The bill for enabling lord lieutenants and deputy lieutenants to enjoin men to find horse and arms rejected, and one direction to be drawn of new.

A letter from the King to the Speaker that the Lord Treasurer was no instrument to dissolve the last Parliament, and that he said to the King he was the worst of traitors that sought to make difference between the King and his people and was of his knees to continue it.

SOLICITOR. 21 E. 3 settled 14d., six cloths to the sack, and so the 6s. 8d. made up. 14 Eliz. 10 an act for length of kerseys shows how the weight is limited by lengths for custom and subsidy, to be answered which is only by statute of poundage and tunnage, for subsidy and no other the former statutes for cloth well admit. 27 Eliz., 18 [yards] a promise for length of kerseys.

[f. 65v] SERJEANT [SIR ROBERT] HITCHAM. Impositions temporary, to stand perpetual not, as in monopolies for new manufactures for a time to the King upon quid pro quo. King by prerogative to prohibit export and import hurtful to commonwealth, and may license upon consideration and take money for dispensation as quid pro quo, but this is only upon necessity of times. Queen Mary having only staple for wool at Calais, that lost and poundage, etc., then had she necessity, and set it under Great Seal, and not to be repealed but by as high a nature. 31 Eliz. resolved in Exchequer upon the new draperies the imposition is good upon the subjects, wrong in transmutation out of wool into cloth.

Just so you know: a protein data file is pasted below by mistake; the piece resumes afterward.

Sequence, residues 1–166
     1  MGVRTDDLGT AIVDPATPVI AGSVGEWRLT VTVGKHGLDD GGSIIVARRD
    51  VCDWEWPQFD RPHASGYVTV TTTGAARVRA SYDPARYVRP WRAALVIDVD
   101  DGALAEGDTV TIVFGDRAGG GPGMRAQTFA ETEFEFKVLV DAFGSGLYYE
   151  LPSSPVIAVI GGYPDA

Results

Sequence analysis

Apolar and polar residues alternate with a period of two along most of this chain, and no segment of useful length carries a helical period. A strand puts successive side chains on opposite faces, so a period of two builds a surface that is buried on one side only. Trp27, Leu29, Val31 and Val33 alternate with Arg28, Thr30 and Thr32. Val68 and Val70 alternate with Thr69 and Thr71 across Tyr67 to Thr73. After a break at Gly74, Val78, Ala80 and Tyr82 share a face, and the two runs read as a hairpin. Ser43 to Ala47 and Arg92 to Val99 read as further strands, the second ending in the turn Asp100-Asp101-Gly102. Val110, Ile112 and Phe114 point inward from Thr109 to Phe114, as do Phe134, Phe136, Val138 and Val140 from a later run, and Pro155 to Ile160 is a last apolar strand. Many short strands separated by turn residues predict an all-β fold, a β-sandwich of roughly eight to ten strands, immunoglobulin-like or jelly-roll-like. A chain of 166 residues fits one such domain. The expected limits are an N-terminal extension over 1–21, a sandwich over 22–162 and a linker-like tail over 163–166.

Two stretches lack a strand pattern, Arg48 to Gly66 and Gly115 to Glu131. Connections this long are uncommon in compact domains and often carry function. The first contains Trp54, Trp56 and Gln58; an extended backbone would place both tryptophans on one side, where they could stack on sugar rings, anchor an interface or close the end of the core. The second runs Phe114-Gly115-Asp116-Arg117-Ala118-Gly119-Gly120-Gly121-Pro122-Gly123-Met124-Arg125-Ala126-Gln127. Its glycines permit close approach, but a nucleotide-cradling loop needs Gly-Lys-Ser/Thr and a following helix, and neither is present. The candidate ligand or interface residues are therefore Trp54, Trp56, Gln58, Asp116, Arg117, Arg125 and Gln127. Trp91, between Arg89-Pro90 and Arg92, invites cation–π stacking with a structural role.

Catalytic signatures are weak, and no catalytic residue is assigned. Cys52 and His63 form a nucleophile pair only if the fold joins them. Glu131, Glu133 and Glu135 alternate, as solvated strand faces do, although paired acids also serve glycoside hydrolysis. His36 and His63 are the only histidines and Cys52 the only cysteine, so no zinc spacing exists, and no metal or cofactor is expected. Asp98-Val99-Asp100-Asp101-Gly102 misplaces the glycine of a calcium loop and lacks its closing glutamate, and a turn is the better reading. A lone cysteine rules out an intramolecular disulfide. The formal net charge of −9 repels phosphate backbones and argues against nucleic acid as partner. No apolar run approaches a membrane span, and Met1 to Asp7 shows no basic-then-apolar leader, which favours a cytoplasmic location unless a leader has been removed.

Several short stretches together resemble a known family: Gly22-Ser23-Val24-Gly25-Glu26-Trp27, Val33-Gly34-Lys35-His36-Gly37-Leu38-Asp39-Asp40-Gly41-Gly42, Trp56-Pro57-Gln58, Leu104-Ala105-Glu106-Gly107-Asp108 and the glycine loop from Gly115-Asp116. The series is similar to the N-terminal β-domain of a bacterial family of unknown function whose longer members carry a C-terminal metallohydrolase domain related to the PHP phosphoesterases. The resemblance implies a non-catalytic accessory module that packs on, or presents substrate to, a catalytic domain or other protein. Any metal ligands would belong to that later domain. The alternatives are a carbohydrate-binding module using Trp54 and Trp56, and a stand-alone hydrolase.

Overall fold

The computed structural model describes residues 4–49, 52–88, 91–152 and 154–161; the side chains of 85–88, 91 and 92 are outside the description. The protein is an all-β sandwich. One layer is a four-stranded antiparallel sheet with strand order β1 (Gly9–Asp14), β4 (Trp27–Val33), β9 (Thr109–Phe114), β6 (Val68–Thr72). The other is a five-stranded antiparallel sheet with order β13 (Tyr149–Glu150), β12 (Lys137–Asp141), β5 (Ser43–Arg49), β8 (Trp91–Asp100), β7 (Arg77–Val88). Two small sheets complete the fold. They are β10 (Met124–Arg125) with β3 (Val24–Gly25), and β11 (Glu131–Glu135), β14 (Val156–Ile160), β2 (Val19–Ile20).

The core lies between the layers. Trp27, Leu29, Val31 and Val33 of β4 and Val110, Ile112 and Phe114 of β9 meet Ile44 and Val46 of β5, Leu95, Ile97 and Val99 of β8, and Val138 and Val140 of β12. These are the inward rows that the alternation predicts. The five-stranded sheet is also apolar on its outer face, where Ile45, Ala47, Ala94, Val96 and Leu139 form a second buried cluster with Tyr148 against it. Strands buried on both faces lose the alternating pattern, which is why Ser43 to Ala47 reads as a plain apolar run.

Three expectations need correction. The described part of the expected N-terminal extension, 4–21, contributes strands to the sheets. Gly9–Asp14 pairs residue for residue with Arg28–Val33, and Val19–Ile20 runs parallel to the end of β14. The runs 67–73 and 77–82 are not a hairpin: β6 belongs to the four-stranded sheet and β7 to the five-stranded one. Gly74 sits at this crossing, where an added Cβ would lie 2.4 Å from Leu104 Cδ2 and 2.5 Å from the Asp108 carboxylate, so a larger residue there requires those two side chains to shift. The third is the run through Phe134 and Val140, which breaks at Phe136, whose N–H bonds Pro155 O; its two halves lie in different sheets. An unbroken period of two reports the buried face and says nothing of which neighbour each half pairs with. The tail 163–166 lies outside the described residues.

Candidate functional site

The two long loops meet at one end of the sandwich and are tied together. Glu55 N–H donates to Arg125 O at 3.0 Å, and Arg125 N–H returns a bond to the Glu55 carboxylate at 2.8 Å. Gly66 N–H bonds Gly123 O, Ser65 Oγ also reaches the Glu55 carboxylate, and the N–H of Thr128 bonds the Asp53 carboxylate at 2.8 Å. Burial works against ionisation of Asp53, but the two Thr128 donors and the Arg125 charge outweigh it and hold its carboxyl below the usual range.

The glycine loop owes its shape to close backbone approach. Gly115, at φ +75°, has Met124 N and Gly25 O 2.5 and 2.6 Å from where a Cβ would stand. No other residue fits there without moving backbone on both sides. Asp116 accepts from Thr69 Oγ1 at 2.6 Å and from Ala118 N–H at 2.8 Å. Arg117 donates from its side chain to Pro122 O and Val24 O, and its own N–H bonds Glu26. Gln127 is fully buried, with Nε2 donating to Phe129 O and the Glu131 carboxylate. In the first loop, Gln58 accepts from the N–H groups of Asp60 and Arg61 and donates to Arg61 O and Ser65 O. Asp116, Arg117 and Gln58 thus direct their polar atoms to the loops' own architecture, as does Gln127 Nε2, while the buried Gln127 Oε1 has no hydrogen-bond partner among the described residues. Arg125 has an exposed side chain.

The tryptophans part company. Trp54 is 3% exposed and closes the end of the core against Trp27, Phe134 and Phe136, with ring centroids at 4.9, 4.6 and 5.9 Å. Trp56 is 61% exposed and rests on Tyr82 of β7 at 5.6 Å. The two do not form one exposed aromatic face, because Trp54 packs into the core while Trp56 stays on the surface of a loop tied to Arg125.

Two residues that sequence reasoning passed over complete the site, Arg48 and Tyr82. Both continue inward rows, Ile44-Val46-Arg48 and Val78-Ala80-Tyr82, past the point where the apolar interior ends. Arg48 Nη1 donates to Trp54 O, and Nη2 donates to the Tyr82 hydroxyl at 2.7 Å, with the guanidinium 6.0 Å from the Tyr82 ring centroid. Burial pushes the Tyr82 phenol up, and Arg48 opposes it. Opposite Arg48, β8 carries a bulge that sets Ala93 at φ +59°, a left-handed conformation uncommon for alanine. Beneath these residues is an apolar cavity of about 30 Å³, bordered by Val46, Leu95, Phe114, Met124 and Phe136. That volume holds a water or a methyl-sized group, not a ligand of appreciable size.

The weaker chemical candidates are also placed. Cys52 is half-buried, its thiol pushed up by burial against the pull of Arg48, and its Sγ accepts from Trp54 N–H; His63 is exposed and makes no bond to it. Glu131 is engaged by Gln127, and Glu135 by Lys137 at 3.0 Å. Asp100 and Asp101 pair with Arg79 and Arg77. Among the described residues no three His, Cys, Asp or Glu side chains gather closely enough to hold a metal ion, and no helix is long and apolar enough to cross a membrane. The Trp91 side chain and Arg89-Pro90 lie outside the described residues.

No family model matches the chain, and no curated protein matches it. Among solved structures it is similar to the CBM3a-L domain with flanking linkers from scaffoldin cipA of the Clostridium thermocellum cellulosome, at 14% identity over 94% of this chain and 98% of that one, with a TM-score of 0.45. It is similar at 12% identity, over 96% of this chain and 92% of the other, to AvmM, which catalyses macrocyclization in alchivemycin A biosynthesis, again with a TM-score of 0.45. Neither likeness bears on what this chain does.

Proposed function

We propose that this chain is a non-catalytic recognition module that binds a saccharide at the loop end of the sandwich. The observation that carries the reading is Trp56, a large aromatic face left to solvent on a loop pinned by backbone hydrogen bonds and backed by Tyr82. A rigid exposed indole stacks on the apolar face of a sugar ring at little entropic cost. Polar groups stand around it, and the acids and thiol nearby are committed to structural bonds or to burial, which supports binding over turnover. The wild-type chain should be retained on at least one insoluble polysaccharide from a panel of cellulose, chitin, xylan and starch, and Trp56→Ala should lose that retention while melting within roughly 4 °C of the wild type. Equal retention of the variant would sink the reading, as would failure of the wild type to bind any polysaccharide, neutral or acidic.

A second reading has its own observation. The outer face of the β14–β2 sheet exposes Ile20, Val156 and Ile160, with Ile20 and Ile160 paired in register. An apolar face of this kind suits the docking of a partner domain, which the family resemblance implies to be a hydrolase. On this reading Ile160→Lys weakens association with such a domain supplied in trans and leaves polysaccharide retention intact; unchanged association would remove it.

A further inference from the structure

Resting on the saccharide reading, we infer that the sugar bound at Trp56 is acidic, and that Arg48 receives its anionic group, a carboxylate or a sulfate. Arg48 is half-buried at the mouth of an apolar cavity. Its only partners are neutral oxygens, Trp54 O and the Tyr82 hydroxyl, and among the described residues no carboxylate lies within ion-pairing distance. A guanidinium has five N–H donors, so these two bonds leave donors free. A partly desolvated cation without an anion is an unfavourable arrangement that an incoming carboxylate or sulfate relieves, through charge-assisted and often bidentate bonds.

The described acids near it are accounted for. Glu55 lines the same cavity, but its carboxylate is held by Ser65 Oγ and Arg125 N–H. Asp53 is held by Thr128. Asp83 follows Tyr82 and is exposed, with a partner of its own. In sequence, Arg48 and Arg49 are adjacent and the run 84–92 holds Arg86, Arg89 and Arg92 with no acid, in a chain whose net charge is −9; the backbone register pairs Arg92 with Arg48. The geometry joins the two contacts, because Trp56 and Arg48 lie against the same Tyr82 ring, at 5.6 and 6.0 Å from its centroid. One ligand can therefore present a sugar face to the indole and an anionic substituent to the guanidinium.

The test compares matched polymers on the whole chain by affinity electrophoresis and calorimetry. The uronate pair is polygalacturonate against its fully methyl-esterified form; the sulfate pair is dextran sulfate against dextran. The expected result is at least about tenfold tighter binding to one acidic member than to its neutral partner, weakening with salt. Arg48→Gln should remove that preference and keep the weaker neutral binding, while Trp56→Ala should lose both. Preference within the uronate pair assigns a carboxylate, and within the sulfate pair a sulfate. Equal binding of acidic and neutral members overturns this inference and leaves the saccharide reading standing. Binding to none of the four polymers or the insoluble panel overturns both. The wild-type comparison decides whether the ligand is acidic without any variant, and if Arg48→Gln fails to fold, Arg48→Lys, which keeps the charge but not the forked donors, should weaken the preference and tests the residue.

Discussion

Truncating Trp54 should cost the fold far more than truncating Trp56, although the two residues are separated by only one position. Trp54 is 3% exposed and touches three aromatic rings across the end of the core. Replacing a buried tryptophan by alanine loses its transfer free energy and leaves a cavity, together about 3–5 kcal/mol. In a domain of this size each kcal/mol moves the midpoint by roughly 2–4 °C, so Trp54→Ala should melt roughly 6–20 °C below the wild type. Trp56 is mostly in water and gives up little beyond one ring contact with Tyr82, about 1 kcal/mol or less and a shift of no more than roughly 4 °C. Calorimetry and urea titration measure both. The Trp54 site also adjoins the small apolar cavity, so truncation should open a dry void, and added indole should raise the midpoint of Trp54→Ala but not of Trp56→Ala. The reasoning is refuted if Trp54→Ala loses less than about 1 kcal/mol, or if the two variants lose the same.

This, says [MR. JOHN] BANKES, was for alnage. 3 Eliz. patent three staples established at Bruges, Middelburg, Bergen-op-Zoom. These continued until after 1 Jac. and altered by proclamation 12 Eliz. He slipped over the statutes enforced by [the] Solicitor as limiting no subsidy to be paid. 14 E. 3, 31 H. 6 no exposition of wool into cloth but a demand for poundage decried. 31 H. 8, D[yer] 43, no law for custom of cloth and yet then for wool, and so now. 1 Eliz. found the same. A penal law not to be extended by equity.